During frequent visits to the Planning Palace on Milvia I’ve enjoyed glimpsing, just a block away from it, our very historic Old City Hall (also known as the Maudelle Shirek Building). But very recently while casually Internet surfing, I got a rude shock when I opened the “City of Berkeley Designated Landmarks” map that’s proudly on display in the “map room” part of the Planning and Development Department’s website. According to that map and its legend, Old City Hall is a landmark that’s been “demolished”!
As I gazed at the map I found an appalling number of other mistakes. To name just four of them: The map omits Julia Morgan’s wonderful Hearst Gym. It mislabels the high school’s Shop and Science Buildings as “Old Gym and Pool” and doesn’t indicate any landmarking at the Old Gym’s real location. It confusingly depicts the landmarked College Women’s Club as including the adjacent Caffe Strada, which isn’t landmarked. It shows the California Memorial Stadium landmarking as consisting of just the structure itself, even though the landmarking in fact also included the grounds’ oak grove. I could go on and on.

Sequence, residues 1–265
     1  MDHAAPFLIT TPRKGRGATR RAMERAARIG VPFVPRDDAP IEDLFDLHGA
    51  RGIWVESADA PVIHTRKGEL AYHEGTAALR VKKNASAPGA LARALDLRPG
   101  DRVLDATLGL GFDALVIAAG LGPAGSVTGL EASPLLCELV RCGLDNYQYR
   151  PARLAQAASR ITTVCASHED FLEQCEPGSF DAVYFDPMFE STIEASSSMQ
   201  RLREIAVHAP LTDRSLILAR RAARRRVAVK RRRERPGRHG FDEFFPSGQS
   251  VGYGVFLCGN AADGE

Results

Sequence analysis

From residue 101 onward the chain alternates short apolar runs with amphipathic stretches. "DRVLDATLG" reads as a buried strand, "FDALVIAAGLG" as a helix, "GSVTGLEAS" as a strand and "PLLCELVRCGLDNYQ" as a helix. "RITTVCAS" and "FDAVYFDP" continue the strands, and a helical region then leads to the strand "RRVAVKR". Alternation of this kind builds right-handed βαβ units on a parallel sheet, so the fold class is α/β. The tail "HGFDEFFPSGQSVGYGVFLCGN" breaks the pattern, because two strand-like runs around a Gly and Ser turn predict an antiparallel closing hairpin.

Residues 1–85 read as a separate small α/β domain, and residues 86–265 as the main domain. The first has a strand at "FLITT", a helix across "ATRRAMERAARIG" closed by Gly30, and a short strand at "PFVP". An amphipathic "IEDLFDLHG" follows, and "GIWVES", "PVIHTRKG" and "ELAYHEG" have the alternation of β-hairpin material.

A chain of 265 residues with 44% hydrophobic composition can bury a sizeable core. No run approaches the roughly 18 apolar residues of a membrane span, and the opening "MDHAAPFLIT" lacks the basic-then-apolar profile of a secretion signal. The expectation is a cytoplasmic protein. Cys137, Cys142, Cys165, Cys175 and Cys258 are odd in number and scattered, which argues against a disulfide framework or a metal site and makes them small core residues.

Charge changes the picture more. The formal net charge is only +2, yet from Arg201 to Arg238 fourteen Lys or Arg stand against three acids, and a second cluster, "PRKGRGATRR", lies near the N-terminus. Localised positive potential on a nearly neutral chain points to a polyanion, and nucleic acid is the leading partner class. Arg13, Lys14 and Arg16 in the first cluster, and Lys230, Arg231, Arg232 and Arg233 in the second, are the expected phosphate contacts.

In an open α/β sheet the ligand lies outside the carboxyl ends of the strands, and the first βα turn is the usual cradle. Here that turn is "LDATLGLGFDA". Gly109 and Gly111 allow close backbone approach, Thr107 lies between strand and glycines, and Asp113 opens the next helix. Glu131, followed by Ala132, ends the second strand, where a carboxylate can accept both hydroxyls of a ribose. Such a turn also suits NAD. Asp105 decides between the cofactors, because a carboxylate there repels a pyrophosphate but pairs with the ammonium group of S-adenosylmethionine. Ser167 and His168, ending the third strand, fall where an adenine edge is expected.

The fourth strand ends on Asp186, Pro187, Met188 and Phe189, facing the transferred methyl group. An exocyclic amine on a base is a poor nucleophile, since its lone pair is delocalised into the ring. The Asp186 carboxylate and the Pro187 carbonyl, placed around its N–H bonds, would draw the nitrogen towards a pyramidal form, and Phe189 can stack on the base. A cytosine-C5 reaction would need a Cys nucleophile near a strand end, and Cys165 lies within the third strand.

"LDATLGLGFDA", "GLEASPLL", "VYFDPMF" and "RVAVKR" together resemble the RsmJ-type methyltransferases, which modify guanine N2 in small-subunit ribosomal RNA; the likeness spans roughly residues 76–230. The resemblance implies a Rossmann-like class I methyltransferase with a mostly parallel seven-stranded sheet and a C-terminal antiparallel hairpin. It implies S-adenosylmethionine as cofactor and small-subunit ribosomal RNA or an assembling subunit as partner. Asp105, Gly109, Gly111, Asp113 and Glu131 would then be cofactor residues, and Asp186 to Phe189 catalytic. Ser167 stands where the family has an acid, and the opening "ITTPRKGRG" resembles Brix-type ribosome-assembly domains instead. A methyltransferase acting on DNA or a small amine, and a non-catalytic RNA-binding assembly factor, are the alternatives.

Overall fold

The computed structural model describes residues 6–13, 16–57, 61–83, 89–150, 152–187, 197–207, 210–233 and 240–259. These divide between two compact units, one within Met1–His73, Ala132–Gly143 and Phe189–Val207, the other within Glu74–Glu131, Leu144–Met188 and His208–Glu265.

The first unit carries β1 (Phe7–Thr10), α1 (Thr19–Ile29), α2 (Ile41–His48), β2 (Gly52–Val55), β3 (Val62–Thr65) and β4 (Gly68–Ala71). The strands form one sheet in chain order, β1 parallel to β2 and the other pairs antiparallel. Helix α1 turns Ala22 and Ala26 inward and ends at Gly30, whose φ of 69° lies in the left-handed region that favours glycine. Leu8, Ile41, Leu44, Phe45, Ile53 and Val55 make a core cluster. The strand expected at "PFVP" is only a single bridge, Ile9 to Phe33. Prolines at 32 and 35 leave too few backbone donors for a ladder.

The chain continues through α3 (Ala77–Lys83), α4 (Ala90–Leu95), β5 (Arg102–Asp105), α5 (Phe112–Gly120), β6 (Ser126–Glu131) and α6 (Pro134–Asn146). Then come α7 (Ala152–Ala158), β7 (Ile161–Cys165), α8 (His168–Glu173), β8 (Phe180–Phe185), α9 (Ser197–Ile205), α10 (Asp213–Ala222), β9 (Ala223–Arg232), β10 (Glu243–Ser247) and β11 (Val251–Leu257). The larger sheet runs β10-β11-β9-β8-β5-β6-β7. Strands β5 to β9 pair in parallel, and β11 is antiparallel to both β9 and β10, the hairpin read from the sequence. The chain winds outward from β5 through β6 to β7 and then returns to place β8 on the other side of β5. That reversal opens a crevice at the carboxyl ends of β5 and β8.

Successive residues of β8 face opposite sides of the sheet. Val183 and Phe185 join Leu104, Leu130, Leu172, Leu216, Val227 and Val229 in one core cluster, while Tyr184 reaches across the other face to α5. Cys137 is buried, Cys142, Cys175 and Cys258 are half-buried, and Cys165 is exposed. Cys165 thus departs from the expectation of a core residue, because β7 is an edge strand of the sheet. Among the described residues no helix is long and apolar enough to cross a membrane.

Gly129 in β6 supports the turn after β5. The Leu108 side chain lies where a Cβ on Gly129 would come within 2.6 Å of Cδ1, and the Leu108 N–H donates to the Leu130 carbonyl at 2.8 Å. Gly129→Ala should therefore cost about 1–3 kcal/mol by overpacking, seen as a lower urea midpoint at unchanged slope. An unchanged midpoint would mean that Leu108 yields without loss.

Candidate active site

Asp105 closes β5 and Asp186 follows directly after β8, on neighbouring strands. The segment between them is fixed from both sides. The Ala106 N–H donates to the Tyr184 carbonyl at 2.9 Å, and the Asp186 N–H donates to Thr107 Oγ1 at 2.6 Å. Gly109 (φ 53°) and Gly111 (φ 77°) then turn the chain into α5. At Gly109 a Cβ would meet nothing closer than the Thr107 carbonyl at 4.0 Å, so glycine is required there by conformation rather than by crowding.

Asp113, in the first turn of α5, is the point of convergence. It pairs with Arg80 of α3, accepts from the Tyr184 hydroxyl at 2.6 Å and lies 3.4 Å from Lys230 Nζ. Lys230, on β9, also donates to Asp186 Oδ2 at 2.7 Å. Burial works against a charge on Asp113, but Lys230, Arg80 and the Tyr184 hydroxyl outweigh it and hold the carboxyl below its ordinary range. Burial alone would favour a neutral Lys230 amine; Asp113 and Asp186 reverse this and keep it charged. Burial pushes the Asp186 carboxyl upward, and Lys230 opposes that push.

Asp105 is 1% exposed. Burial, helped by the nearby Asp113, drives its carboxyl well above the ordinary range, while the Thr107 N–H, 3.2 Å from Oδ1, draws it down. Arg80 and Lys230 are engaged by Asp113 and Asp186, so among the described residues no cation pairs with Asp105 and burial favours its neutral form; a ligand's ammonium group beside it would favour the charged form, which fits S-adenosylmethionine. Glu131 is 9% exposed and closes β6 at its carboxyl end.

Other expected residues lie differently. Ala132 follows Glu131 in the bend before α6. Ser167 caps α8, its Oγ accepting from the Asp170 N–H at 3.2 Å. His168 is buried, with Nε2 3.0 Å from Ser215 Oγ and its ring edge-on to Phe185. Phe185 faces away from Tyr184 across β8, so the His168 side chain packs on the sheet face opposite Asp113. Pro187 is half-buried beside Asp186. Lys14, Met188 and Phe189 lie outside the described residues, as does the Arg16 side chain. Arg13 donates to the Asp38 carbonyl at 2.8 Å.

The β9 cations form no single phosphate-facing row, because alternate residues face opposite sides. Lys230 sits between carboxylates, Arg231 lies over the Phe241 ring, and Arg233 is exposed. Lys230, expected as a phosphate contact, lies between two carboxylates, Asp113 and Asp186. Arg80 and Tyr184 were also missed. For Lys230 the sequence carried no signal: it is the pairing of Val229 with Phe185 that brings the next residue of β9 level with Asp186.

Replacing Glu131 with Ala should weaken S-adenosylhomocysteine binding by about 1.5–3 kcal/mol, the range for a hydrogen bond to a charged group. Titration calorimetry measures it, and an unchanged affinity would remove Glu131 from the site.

Over the last decade or so, I’ve found many other planning-related maps to be comparably sloppy. The Planning and Development Department has many talented staff members whom I know and seriously respect. So why does the department often seem to be cartographically challenged?
The very process of computerized mapping may have much to do with it. While such mapping can of course be enormously valuable, there’s a danger that humans may rely too much on the software at the expense of conscious thought. To be fair to the specialized GIS persons who actually do the computerized mapping, it seems they often are perforce unfamiliar with particular maps’ subject matter (be it landmarks or whatever). But then why aren’t maps, before public issuance, seriously checked for accuracy by staff members who do know the subject matter?
John English is a Berkeley resident.